Historians argue about what Kita's political stance was. Taken at face value, he appears to have created a hybrid of fascism, state socialism or 'socialism from above', agrarianism and militarism. Although his writings call for Japan to liberate Asia, he also calls for Japan to embark on overseas expansion due to increasing population pressures.

"Japan's population has doubled in 50 years, and if expansion continues at this pace we will have to feed at least 250 million people a century from now on, which means that we will be forced to acquire more territory."

This blend of seemingly opposing philosophies and contradictory goals (masking a deeper consistency from the time of his early articles: he calls for Japanese expansion to Korea and Manchuria, as well as for militant war with Russia and Britain, whom he dubs 'landlord nations', with Japan a so-called 'proletarian nation') was reflected in various forms throughout early Shōwa period Japan. This eclectic blend is one of the reasons why Kita has been hard to understand. Some have argued that this is one of the reasons why it is next to impossible for historians to agree on Kita’s political stance, though Nik Howard takes the view that Kita's ideas are actually highly consistent ideologically throughout his career, with relatively small shifts in response to the changing reality he faced at any given time.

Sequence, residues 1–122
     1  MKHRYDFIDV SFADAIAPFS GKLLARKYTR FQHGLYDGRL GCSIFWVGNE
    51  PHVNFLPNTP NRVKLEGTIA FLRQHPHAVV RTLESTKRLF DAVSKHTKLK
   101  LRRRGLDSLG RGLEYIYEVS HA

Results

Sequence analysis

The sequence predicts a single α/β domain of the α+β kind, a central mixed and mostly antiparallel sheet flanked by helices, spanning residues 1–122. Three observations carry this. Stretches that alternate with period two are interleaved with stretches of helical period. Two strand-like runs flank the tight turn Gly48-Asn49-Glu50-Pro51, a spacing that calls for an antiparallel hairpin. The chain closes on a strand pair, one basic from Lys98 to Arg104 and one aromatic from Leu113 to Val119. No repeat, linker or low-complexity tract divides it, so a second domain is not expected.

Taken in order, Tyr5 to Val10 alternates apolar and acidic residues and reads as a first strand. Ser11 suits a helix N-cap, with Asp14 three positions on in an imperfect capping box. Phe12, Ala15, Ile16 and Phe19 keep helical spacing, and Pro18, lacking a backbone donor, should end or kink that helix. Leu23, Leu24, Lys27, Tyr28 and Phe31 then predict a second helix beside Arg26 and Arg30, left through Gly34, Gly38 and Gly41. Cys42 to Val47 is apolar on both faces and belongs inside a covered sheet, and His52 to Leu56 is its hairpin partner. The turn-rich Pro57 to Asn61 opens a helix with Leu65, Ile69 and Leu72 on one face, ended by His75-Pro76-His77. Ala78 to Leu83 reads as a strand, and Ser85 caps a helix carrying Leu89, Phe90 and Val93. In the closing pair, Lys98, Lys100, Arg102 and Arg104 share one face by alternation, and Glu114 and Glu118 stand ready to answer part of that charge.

Arrest and execution

Kita’s last book (the Outline Plan) exerted a major influence on the Japanese military, especially the Imperial Japanese Army factions who participated in the failed coup of 1936 (the February 26 Incident). After the February 26 Incident, Kita was arrested by the Kempeitai for complicity, tried by a closed military court, and executed.


See also

  • Sadao Araki
  • Seigo Nakano
  • Shōwa Restoration
  • Japanese nationalism
  • Japanese literature